Kihansi spray toad. Credit: Rhett. A. Butler
Here I provide you with the original text of the article from mongabay.com
In The Netherlands we have a saying which I probably shouldn’t translate directly into English, but for the purpose of this post I will do it anyway: “ what the farmer doesn’t know, he doesn’t eat”. Basically, as you might understand already, it’s about preferring that which is closest to what you already know. Our fear for the unknown and our fear of other cultures is very visible in our society where the finger of blame is often pointed at the foreigners. But this aversion of the exotic also extends to the species we choose to conserve and the ones we perhaps don’t find interesting enough. In the book ‘Life is good’ by Jeremy Hance he discusses in the chapter ‘ What if Noah had left behind the ugly ones’ the rationale of our preference for certain species in conservation efforts. And according to research from Berta Martin-Lopez, a Spanish scientist, the best predictor of the willingness to pay of humans for a particular species is nothing else than the size of the eyes of a creature. And the explanation for this comes from how we are fooled by our evolutionary response to babies.
The Axolotl, a neotenic salamander species. Credit: Wikipedia
Now I would like to draw the attention to an interview that appeared on Mongabay with Jane Lyons, the owner of a private reserve in Ecuador, Reserva Las Gralarias home to a wide array of species, including a large number of amphibian species. This year two new species of frogs have been discovered within this reserve, including one glass frog new to science, Nymphargus lasgralarias, and the tree frog Hyloscirtus criptico. The latter species had been coincidentally found around the same time at another site and has been described together with Hyloscirtus princecharlesi in a research paper in Zootaxa. Six more frog species have been found within the small reserve that appear to be new to science, although they haven’t been formally described yet. Suffices to say that there is an impressive number of amphibians present in Las Gralarias, a reserve of Chocó cloud forest in Ecuador, characterized by a high degree of endemism. In this interview Dr. Lyons emphasizes the importance of preserving this little-known ecosystem and the interconnectedness between this ecosystem, the global water cycle and our well-being. These people with so much passion for and knowledge of nature and willing to make personal sacrifices for the cause of conservation, are to be applauded.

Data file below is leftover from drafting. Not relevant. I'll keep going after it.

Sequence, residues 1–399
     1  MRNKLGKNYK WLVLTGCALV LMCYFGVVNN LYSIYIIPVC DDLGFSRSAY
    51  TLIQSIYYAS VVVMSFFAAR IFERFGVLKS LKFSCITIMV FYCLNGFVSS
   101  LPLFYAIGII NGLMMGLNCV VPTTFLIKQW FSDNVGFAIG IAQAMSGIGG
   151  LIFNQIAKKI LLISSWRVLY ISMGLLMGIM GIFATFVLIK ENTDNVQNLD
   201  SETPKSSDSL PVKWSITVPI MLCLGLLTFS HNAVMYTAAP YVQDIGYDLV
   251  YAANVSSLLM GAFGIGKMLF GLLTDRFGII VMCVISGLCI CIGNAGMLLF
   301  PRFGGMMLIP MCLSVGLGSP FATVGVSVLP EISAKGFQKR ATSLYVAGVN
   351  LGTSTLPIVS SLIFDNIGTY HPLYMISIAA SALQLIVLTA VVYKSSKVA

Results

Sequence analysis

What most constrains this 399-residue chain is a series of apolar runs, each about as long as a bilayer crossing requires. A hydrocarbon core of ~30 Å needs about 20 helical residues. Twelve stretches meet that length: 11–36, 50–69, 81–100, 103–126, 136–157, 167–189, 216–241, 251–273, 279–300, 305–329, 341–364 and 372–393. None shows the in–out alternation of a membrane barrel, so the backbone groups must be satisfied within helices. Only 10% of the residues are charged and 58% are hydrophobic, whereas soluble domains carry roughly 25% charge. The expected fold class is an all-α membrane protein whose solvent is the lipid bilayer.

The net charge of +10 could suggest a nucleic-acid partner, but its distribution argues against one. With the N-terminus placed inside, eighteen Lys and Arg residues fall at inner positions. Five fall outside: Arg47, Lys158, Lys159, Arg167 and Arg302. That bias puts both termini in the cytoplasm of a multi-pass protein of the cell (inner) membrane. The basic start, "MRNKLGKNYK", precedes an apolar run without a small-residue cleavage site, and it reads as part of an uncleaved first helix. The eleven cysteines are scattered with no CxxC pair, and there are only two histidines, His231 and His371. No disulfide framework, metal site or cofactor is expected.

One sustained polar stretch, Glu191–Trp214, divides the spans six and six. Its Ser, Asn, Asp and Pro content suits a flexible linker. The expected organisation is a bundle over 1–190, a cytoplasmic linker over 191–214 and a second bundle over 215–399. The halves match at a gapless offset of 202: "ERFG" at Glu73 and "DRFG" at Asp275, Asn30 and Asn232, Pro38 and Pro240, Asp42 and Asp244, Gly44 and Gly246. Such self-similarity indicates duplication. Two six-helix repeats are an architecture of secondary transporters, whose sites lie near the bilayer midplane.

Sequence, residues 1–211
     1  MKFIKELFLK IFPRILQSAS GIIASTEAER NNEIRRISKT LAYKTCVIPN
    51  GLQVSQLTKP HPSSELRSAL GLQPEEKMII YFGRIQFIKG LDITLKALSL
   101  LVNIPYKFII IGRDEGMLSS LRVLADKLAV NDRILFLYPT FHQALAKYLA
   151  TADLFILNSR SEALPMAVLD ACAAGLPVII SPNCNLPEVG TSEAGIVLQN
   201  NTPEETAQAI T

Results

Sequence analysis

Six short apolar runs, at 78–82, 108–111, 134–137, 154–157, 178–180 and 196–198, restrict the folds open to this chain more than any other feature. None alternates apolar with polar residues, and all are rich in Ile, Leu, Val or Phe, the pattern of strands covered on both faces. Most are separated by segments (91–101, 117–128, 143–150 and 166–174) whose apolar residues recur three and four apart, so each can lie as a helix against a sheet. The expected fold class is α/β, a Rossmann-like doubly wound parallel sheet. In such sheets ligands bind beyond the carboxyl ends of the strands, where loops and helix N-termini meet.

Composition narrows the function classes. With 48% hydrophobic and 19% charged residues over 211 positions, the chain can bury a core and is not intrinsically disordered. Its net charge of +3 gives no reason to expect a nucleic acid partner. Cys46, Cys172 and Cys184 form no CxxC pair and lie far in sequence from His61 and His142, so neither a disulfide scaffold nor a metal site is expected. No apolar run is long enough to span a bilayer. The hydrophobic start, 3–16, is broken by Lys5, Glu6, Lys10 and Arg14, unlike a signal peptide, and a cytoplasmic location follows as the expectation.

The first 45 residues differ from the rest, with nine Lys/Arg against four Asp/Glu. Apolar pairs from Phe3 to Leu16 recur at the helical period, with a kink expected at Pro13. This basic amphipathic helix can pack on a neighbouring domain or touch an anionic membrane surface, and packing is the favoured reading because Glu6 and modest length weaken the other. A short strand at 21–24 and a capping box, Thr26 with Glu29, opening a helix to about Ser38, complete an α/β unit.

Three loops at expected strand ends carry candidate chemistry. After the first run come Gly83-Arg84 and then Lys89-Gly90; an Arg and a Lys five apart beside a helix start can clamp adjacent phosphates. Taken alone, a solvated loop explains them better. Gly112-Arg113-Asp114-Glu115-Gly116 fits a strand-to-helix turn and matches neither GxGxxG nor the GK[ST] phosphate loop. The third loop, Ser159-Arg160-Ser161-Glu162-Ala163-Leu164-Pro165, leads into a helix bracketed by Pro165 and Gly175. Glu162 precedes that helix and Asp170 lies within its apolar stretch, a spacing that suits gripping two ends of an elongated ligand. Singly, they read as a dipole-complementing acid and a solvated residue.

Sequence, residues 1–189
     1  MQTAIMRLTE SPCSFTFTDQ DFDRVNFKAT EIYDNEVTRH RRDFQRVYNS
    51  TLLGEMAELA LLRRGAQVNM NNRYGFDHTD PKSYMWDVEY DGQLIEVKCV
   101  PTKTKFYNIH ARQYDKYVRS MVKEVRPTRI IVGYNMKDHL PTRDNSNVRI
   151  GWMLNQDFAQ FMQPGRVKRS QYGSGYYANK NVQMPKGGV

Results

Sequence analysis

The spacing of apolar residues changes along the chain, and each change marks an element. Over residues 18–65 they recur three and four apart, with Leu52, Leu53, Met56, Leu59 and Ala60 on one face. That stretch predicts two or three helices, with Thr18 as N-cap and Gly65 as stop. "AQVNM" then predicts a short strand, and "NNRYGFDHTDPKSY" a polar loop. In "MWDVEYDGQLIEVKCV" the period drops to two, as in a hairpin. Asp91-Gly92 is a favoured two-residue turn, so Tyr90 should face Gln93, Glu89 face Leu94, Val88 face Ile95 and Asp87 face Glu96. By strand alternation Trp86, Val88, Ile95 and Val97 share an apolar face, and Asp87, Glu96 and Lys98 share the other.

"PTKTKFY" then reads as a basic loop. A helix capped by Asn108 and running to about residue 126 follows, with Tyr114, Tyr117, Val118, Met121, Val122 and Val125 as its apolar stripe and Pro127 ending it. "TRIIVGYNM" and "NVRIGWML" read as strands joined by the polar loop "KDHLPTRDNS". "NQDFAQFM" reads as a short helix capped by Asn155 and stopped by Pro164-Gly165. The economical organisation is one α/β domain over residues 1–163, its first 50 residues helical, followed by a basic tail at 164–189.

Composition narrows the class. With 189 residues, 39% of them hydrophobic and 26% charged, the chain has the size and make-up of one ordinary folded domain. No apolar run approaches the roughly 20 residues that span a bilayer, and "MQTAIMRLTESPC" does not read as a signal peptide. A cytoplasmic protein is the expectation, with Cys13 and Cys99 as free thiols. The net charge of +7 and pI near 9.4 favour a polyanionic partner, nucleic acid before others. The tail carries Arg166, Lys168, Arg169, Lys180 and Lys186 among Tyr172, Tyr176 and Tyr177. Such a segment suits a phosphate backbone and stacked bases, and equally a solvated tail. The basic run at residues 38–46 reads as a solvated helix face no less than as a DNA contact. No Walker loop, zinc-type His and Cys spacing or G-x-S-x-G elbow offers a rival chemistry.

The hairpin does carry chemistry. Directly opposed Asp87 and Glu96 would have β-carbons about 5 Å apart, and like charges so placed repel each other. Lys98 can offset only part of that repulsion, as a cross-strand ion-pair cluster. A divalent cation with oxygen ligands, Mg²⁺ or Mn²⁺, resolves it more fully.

The Las Gralarias glass frog is the world’s newest glass frog. Credit: Jaime Garcia
And now for something completely different… In this blog I have been focusing on amphibian conservation and even on conservation biology in general. However, I have spent a great deal of my studies on animal behavior and therefore it is with great pleasure that I am posting news on frog behavior. Specifically the post is about the mating behavior of the Gray tree frog (Hyla versicolor); recent research showed that males adjust the length and the frequency of their courtship calls on basis of the visual cues they receive from the female. Basically, the closer she gets, the harder he tries.
Gray tree frog. Credit: Wikipedia
Now follows the original article from Science Daily